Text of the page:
Note the resources in your business model canvas needed to back up key activities. With the these in mind, what is your minimal viable product? Your minimal viable product is a product has just enough features to satisfy your initial customers, but will provide feedback for future product development.
How do you plan on acquiring, keeping and growing your customer base? If you are a startup:
- How do you plan on acquiring your founding customers?
- What type of customer relationships have you already established and at what cost?
- What campaigns have produced the best results, and why?
Segment customers in your business model canvas based on which are most important, what value you have created for each and how you can cater to them further. Next, define your customer archetypes. Customer archetypes are created by using the data you already have available to better understand customer behavior. Things like:
- Who are your customers? Think about traits like position, income level, age, sex, role and location.
- How do your customers determine it's time to make a purchase? Consider their needs, budget, amount and seasonality.
- Who influences your customers, and, therefore, their purchasing habits? Who do they follow, read, watch, and listen to?
- What is important to your customers? What are they motivated by? Here we’re talking value, price, location, delivery and time.
Which channels work best and are most cost-efficient? Determine the channels your customers prefer to use. Then look at what your competitors are doing. How can you work these preferences and information into your workflow?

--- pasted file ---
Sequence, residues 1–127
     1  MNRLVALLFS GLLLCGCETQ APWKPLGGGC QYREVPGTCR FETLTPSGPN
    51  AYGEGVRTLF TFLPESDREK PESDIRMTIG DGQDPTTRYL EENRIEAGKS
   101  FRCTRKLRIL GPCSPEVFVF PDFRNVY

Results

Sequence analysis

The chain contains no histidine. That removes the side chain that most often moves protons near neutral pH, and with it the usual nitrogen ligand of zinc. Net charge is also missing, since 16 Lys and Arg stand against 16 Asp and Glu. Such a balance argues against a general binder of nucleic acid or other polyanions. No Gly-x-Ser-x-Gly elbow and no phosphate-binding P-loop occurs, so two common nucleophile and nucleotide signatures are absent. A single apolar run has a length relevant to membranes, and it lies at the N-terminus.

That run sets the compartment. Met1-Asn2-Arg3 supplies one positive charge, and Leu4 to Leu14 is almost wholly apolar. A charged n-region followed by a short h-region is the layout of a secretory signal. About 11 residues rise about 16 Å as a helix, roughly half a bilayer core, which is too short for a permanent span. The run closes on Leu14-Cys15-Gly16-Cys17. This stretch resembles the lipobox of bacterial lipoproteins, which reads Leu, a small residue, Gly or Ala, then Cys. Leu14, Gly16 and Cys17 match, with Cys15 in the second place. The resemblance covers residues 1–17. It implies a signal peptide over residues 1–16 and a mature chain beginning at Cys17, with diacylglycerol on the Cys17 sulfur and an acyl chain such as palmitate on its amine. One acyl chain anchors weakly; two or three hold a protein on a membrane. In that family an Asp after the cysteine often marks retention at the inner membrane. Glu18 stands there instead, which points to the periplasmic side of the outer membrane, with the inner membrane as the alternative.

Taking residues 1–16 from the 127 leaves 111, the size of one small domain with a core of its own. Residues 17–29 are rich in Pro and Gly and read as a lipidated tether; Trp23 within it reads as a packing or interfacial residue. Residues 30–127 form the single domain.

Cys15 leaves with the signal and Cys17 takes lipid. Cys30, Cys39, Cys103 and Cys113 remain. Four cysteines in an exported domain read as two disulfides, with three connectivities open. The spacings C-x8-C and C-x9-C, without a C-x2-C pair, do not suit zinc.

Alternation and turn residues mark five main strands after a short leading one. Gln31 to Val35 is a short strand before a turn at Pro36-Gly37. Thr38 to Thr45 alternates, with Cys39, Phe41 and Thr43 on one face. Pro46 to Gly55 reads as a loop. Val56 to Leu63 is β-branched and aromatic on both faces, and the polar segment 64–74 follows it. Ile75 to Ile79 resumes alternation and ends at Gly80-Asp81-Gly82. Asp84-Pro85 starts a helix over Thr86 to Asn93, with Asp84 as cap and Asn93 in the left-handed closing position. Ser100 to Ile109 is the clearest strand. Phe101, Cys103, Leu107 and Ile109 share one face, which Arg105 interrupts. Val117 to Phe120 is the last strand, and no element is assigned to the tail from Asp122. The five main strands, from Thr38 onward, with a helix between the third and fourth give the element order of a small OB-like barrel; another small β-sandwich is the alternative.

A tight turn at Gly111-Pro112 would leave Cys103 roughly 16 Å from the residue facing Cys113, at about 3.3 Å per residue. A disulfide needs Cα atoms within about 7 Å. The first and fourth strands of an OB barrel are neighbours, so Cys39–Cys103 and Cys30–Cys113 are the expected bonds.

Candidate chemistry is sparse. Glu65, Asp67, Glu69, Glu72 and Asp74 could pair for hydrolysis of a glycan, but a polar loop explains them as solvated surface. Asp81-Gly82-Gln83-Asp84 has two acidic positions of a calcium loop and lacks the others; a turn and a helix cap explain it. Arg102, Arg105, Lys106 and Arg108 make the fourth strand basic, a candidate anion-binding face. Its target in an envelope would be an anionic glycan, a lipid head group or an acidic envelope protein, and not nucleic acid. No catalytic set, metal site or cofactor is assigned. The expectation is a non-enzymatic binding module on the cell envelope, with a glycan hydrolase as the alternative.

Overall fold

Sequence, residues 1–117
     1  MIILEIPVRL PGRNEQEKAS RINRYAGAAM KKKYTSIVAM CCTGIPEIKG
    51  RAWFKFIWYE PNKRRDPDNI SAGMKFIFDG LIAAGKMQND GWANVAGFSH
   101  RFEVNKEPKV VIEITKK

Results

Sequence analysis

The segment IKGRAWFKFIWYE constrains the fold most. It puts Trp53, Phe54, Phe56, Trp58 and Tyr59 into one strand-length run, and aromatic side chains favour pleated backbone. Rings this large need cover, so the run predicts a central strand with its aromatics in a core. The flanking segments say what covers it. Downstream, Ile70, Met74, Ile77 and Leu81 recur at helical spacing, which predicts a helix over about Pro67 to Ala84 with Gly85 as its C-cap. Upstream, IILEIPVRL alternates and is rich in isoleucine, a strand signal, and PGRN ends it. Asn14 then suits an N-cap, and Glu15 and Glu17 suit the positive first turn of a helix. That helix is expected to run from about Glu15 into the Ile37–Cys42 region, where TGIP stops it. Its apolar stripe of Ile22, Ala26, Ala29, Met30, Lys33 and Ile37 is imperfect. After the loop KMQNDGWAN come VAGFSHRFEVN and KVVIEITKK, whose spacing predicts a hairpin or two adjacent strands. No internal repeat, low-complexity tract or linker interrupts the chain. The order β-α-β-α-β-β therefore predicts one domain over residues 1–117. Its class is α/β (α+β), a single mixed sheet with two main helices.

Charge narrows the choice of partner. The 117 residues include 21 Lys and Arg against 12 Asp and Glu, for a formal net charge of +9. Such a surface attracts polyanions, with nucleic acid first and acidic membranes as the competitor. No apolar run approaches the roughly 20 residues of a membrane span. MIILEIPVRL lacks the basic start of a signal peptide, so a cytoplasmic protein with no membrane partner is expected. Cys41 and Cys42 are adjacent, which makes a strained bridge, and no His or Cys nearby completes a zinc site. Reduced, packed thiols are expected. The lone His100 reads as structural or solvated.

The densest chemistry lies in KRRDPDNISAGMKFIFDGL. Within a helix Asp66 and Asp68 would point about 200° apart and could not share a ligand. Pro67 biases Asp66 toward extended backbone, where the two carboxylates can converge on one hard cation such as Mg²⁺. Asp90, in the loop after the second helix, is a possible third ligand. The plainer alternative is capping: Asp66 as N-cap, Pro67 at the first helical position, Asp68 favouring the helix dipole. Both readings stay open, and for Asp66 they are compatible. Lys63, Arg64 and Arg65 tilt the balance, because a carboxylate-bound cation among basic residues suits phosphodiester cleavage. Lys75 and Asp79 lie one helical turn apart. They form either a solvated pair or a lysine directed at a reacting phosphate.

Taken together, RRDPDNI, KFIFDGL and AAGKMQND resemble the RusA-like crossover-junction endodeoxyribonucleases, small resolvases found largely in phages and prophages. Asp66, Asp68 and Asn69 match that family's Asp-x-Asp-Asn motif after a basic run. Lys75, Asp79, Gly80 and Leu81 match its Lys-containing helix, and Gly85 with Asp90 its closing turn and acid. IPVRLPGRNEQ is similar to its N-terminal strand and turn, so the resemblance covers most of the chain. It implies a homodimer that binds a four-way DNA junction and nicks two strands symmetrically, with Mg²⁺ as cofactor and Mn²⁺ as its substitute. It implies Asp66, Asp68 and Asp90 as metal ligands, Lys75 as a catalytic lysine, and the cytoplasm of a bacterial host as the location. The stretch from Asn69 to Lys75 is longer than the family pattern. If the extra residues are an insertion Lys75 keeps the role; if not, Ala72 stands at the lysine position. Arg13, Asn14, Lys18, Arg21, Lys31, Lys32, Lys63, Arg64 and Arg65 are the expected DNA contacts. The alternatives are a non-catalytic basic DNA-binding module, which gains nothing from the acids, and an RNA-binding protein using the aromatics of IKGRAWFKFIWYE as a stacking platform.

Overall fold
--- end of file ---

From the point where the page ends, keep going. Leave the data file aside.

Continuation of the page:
This is where you determine your cost ratios — and should include your fixed and variable costs. Your cost ratio will show you how well you are doing in regard to managing your profits and the associated costs. What are your most and least profitable expenditures?
You can further segment based on product, product line, service, customer demographic or geographic region. Prioritize your costs in order of importance, and determine which resources and activities provide the most value and if there are costs that can be minimized.
In this part of your business model canvas, determine your revenue model — a framework for generating revenue. Your revenue model needs to guide what you should pursue based on established revenue sources.
Determining what value you offer and how to price that value as well as who is willing to pay for that value helps you determine your target market and create the most effective marketing strategies.
Do you know what your customers are willing to pay compared with what they are currently paying? If so, what value do they attain at that price point? What tactics can you put in place to offer that value (or more) and while increasing your bottom line?
Your business model canvas is a work in progress
By consistently referring back to each module in your business model canvas, you can address new developments and change strategies as needed. This approach allows you to visualize and address each variable on the road to profitability.
Why not create your own business model canvas today? You might be surprised at what you discover that you might not have thought about before!